The laparoscopic technique of minimally invasive surgery uses smaller incisions and has a shorter recovery time with less overall pain. Heating pads may also provide relief, but can increase swelling and should not be applied to bare skin due to numbness. If you are allowed to drink, hot tea is a great remedy to help gastrointestinal motility and relieve painful gas buildup.
How does the gas get into the abdomen?

When laparoscopic surgery is performed, a small incision is first made to pass a special needle into the space of the abdominal cavity, staying outside of the organs. Through this long, thin Veress needle, gas (usually carbon dioxide) is passed. This inflates the abdomen and causes the abdominal wall to form a dome over the organs. This gas dome is maintained throughout the laparoscopic surgery.

Other small incisions are made to pass the small instruments to perform the surgery. Having the abdominal cavity inflated and the abdominal wall separated from the organs, gives the surgeon room to operate with their special instruments without making large incisions.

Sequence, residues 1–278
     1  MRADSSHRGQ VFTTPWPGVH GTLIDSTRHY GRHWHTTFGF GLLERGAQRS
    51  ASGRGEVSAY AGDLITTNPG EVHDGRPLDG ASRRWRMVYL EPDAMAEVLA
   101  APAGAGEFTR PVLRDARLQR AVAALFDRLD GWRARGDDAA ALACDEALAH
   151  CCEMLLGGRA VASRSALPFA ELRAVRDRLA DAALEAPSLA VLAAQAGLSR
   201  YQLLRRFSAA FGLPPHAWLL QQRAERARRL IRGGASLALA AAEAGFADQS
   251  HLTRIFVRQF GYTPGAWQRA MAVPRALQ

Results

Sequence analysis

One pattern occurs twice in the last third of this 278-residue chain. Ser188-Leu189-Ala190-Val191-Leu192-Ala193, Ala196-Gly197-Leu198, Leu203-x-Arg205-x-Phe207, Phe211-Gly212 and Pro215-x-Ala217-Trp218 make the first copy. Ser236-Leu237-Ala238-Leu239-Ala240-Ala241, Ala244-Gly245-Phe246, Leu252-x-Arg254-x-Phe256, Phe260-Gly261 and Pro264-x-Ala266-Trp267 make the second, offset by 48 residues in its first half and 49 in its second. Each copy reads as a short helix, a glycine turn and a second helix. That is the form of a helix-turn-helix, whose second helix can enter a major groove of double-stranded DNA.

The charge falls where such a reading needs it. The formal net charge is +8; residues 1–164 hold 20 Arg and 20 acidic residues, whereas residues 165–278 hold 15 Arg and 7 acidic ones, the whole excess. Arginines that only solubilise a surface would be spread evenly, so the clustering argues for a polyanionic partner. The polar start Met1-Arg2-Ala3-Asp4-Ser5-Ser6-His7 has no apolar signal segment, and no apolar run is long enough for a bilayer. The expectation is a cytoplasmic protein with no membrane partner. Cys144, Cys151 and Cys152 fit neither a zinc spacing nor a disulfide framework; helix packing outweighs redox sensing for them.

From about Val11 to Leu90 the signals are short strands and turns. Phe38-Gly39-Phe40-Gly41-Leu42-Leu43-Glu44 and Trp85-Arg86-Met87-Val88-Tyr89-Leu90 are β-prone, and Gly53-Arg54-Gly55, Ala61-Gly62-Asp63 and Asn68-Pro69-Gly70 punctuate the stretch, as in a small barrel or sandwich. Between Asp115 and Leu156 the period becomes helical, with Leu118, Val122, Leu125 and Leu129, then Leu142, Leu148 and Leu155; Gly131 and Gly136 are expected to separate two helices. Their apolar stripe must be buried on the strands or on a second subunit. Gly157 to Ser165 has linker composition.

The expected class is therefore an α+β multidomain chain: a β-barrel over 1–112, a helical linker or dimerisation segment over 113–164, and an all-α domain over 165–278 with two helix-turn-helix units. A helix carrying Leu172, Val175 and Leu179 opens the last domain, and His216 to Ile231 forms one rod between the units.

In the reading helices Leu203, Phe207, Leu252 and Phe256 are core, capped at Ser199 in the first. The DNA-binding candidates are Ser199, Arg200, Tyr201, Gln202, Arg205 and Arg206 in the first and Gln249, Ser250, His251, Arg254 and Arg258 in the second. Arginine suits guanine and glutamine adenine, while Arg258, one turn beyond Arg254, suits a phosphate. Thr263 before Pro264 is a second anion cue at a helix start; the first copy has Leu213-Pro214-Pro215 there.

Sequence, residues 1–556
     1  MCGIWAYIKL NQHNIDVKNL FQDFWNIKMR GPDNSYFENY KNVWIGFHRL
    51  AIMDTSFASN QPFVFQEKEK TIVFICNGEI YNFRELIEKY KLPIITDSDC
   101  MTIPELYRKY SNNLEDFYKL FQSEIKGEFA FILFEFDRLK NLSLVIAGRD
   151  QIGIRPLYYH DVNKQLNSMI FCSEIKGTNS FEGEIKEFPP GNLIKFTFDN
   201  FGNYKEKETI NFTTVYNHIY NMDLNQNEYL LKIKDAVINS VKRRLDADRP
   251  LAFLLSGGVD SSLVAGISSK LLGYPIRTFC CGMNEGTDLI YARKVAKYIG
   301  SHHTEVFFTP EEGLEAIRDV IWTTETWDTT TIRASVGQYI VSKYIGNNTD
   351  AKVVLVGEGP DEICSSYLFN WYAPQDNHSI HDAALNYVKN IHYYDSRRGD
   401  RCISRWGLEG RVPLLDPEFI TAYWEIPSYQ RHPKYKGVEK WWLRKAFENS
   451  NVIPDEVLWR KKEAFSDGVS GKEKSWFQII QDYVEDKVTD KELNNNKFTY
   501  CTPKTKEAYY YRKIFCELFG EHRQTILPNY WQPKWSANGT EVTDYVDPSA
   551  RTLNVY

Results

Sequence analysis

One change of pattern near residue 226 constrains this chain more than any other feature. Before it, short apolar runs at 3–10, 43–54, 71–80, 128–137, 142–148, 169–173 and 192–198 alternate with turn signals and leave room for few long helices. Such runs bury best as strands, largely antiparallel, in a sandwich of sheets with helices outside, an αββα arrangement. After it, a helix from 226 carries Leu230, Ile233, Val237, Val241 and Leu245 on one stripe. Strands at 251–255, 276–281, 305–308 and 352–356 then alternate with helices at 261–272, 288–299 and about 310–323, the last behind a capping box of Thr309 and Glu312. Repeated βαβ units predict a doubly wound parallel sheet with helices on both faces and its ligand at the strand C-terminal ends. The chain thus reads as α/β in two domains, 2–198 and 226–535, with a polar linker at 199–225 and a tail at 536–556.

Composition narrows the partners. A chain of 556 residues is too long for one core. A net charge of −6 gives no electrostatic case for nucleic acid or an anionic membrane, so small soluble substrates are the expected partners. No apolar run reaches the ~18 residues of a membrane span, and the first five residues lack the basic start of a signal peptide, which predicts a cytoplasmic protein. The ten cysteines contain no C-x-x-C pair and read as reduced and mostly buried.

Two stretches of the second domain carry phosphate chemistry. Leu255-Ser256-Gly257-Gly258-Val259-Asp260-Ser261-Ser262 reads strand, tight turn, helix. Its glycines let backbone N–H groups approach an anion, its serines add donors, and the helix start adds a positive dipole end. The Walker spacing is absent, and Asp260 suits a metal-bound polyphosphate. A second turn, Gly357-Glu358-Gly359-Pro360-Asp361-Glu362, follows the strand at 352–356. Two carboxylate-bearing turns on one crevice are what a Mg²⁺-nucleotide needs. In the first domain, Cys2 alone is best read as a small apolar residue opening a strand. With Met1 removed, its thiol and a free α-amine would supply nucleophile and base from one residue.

At the end of the operation, the abdomen is allowed (and sometimes assisted) to deflate. The carbon dioxide CO2 is released from the abdomen. More than likely, they are not able to remove all the CO2. The little bit that is left behind can irritate the peritoneum the lining over the abdominal organs and sometimes the organs themselves. This can be felt as sharp or achy pains. In addition, the CO2 can settle up under the breathing muscle called the diaphragm.

Because of how the nerves connect, or the vagus nerve – this irritation is felt as pain in the lower chest and at times, up into the shoulder area. 

This type of pain can be quite uncomfortable and may last several days. 

It will eventually resolve on its own, but can be aided by walking and moving around. 

#UmbilicalHerniaRepair